Kraus  Supreme Commander LP

Kraus is some mysterious guy down dere in Noisyland, pumping away on some instrumental strangeness. Originally released last year on cassette, ‘Supreme Commander’ gets the wax treatment courtesy of upstart Chicago imprint Moniker Records. It’s not hard to hear why Kraus caught Moniker’s ear. ‘Supreme Commander’ is a unique take on home-recorded whatchamacallit, demonstrating a focus on sculpting a personal soundworld that brings to mind underappreciated fellow countrymen like Pumice and Crude, but remains singularly Kraus. Tracks like “Sumer is Icumen In” sound like a bedroom take on library music, while the grinding and noisy “Guinea Coin Blues” recalls King Loser honcho Chris Heazlewood’s solo work. I swear that the laser gun-like sounds in “Bath Tube” are made by a karaoke machine from the early 90s. “Speed Queen” tests the patience a bit; too long with a go-nowhere idea. Side Two opens with some tape fuckery and various chopped/screwed sounds. Midway through the second side and I’m starting to think of these bizarre little assaults of cheap audio gear as soundtracks to extremely short science-fiction flicks. Then “Mono Lulu” comes on with its echoed-out rudimentary drumbeat and sharp pokes of Hawaiian guitar and I realize I want to hear what Kraus could do with something a bit closer to a traditional song. He’s got great sounds feeding into his tape machine, but I’m curious to hear him apply them to something slightly more conventional. Not that this isn’t a very cool record, cuz it most certainly is.  [Moniker;]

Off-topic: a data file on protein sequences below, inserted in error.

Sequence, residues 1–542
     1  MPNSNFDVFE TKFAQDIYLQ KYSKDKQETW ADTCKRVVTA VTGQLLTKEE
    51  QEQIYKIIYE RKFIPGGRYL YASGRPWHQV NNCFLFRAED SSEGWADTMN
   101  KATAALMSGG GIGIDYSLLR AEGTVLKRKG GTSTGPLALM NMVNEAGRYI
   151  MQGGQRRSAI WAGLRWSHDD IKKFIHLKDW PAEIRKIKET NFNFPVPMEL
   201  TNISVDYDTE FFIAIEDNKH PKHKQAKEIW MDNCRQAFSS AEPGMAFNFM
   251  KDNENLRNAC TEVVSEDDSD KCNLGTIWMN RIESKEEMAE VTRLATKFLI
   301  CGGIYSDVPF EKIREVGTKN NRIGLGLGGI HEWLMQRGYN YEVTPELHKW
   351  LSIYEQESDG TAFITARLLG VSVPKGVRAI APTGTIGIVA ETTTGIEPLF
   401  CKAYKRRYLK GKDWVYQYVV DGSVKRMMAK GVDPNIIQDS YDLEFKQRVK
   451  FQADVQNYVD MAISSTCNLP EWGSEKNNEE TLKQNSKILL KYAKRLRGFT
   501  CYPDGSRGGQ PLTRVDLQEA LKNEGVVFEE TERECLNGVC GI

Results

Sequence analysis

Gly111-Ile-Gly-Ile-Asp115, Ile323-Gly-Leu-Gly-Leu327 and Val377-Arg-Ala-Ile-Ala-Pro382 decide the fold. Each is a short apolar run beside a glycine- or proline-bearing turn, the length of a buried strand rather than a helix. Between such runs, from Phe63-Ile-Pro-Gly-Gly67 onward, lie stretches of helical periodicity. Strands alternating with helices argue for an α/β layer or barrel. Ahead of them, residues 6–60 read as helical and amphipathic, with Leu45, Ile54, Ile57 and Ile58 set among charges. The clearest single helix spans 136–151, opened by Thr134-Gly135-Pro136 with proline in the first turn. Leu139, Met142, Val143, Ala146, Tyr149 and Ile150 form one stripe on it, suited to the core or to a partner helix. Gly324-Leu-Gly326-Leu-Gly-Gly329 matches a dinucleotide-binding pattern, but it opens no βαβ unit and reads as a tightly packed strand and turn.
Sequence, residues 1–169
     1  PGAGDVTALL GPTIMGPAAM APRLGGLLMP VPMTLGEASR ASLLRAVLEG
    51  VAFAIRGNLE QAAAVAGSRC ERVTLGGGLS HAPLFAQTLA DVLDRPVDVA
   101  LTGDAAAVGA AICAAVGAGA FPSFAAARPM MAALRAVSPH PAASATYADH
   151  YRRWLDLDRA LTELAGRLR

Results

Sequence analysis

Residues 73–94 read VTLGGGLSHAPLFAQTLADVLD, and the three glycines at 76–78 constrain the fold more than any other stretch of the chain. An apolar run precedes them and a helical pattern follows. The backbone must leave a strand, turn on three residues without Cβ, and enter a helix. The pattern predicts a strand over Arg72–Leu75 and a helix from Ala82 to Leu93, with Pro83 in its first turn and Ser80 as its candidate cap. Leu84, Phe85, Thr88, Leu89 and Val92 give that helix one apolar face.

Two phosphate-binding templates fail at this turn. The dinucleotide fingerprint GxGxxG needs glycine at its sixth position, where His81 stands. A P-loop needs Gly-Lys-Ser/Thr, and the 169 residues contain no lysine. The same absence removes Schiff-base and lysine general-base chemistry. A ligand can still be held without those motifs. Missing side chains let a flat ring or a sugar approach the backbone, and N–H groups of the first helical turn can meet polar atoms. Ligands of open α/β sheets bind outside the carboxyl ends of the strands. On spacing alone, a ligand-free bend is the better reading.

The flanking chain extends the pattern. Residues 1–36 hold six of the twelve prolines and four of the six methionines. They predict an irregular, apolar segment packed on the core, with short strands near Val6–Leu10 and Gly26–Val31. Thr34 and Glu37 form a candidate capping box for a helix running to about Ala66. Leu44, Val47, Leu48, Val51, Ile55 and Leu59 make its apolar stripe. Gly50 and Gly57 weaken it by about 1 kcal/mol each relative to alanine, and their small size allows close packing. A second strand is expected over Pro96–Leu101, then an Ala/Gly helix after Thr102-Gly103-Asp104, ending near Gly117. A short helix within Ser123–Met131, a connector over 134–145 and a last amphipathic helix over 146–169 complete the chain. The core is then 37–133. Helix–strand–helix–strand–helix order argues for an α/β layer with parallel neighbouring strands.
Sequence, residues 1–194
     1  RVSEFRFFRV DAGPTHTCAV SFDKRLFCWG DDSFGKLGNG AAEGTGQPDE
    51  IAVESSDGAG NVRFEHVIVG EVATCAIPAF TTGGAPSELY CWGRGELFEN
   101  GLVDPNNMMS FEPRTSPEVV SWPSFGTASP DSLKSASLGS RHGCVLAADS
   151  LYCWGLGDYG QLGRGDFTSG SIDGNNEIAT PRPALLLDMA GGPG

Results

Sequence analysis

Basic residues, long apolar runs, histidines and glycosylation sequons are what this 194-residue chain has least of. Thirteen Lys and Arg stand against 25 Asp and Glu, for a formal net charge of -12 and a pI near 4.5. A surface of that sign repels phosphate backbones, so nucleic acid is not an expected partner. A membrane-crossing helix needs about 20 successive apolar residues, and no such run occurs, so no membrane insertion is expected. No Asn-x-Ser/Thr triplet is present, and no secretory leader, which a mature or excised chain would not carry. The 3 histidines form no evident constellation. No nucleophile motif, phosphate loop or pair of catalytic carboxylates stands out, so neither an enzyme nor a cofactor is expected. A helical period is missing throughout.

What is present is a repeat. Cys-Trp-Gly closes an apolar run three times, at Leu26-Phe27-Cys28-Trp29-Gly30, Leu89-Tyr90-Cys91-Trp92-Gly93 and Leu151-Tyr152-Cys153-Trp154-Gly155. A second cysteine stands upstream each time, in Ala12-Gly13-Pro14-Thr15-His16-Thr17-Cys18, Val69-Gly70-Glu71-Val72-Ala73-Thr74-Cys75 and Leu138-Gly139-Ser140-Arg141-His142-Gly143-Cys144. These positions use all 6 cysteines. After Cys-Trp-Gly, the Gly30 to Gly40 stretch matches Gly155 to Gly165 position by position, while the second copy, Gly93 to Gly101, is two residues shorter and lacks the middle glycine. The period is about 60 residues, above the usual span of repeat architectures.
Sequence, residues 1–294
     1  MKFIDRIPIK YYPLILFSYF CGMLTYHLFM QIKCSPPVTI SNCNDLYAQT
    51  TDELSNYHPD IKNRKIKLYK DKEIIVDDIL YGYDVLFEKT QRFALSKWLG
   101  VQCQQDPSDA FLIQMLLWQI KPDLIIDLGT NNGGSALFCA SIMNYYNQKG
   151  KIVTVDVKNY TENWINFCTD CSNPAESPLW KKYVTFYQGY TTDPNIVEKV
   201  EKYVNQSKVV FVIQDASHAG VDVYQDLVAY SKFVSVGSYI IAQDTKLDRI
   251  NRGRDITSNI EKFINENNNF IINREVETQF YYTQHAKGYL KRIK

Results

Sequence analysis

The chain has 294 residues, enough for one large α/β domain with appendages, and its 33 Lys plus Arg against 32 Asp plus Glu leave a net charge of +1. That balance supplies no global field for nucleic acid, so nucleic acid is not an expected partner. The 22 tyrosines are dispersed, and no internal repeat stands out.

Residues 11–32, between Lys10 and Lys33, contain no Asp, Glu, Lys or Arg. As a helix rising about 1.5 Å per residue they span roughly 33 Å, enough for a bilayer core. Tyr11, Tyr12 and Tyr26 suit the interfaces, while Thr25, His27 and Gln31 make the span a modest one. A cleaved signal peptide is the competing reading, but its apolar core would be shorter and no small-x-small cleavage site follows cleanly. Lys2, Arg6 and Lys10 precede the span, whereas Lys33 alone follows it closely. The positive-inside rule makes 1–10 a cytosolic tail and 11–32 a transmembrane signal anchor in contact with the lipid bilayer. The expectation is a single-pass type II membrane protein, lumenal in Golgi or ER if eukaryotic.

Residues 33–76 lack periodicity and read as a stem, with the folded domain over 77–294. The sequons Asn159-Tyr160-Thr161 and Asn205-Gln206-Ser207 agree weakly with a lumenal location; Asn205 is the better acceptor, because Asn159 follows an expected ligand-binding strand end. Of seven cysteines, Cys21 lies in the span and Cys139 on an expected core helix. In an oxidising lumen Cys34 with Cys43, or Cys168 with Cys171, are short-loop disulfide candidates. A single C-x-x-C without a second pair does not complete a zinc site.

Lazy  “Party City”+2  7”

OK, let’s get it out of the way. What a shite name. (Yeah my pasty ancestry comes out in moments of annoyance). There are literally 20 artists listed under “Lazy” on Discogs. Twenty! It mostly reminds me of a mediocre 90s indie band that used the name as a self-fulfilling prophecy. The glory days of slacker rock! And a quick internet research session reveals that, as of two years ago, this Lazy (from Kansas City; which one? no idea) was a fairly generic indie band themselves. I have no clue what transpired in these last 24 months, but I suspect it has something to do with mainlining the Dow Jones & The Industrials catalog, and maybe a brief obsession with Brainiac. “Party City” is an excellent jerkwave dance hit, but “Silence in Crisis,” a frantic punker with an instantly memorable chorus, is the winner on this platter. “Boys in The Girlsroom” is a speedy rant sung by a lady (no info listed), and makes me excited to hear more by this group.  [Moniker;]